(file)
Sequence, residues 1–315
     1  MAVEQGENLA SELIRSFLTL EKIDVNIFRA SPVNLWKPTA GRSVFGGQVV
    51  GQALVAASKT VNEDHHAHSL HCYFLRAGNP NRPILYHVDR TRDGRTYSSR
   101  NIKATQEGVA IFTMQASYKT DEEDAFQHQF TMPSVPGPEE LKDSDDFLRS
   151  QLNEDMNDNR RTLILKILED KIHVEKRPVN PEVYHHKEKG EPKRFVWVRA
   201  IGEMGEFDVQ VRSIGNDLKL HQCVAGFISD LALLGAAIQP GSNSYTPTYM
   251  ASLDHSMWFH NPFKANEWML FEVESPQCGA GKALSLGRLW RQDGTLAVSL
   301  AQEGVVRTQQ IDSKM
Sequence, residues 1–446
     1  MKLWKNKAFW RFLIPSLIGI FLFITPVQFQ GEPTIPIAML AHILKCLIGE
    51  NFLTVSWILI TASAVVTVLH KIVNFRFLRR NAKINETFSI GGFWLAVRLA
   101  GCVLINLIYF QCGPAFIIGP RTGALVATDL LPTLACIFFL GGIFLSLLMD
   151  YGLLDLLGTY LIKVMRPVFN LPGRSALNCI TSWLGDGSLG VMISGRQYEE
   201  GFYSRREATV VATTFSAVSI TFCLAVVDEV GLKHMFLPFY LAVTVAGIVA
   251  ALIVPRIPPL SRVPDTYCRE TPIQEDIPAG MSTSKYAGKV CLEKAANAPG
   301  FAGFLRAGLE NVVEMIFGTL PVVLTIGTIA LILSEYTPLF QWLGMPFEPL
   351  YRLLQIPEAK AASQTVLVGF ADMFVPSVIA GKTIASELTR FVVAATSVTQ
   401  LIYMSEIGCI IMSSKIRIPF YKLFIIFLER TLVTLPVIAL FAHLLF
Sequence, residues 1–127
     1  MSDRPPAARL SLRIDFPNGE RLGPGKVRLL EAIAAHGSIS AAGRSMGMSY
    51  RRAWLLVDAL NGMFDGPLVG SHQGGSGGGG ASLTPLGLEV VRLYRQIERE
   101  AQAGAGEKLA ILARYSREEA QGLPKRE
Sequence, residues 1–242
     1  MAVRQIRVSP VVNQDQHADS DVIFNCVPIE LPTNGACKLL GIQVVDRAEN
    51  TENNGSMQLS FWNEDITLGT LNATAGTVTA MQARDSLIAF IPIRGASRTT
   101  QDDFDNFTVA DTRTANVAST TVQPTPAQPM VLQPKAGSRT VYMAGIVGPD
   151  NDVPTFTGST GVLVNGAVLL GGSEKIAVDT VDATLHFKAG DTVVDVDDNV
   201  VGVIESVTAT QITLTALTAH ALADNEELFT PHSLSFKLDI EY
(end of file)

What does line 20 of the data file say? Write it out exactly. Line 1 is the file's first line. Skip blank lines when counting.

     1  MSDRPPAARL SLRIDFPNGE RLGPGKVRLL EAIAAHGSIS AAGRSMGMSY